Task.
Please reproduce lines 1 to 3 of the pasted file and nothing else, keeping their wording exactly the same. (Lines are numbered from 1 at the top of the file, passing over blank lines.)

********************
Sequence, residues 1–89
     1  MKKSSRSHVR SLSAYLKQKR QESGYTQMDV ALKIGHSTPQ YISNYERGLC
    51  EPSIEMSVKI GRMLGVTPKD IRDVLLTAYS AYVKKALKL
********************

Sequence, residues 1–89
     1  MKKSSRSHVR SLSAYLKQKR QESGYTQMDV ALKIGHSTPQ YISNYERGLC
    51  EPSIEMSVKI GRMLGVTPKD IRDVLLTAYS AYVKKALKL